Any choices that are best for customers tend to be pretty good for getting customers too. And customers make everything else possible. But there can be downsides. Like adding features (and costs) that some customers might like (and are good for them) but not enough to pay for. Like reducing features and lowering prices that might be exactly what’s appreciated by one group of customers, but drives others to find higher value-add suppliers.
When you in a “what’s best for customers” mode, start with the customers you’re trying to be best for. The big question: are you looking to service (and attract) customers who prioritise features, or service, or price?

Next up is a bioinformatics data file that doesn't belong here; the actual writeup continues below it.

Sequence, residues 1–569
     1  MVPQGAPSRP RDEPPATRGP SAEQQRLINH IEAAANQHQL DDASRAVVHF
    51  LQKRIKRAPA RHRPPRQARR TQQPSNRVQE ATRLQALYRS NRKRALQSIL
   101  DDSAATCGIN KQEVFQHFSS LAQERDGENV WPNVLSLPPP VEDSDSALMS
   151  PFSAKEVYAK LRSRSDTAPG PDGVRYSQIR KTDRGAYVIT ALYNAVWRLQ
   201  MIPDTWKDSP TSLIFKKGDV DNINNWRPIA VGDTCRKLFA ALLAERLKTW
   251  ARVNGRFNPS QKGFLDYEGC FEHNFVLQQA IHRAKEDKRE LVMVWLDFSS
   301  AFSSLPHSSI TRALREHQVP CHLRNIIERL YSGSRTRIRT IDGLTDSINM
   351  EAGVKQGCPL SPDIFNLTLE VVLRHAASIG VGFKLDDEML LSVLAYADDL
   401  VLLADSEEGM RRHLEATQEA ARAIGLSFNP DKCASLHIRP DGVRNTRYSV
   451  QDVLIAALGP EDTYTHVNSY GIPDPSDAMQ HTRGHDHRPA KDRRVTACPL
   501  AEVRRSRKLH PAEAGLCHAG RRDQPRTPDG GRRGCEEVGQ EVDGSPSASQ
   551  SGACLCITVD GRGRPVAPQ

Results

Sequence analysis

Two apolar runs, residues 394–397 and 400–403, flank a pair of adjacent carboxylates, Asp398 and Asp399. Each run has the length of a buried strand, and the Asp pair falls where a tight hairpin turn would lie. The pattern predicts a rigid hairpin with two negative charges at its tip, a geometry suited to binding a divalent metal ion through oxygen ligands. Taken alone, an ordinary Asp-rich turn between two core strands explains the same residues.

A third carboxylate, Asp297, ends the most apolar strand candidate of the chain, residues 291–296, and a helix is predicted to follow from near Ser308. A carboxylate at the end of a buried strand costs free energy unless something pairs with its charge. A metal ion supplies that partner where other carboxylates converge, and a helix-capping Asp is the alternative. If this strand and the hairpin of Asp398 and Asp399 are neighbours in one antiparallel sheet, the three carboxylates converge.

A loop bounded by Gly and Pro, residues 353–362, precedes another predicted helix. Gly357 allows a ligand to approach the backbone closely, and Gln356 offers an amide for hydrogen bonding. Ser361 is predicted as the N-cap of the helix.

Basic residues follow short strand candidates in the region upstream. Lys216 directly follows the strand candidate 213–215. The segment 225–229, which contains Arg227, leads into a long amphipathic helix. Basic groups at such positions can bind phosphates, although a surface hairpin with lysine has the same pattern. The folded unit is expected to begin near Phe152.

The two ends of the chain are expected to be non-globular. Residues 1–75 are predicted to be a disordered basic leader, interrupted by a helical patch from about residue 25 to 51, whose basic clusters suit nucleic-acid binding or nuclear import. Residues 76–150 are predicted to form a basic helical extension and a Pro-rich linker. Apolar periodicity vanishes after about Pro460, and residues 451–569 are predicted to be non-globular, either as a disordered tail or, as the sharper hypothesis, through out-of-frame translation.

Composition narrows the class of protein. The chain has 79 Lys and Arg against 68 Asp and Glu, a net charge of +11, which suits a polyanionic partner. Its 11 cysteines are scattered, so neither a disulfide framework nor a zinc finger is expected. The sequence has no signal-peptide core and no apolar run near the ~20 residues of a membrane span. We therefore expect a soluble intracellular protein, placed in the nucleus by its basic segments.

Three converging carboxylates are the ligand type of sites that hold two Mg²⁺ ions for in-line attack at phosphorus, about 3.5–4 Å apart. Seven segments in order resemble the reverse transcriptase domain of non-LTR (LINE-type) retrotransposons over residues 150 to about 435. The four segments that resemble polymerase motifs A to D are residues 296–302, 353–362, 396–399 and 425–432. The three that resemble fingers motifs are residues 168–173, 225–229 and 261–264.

Sure, the real-world answer will be a blend of the three, but that doesn’t mean fudge. Where is the locus? Who and what is your target? What do they think is best?
Skippy strategy: When decision making, start with the beneficiary.
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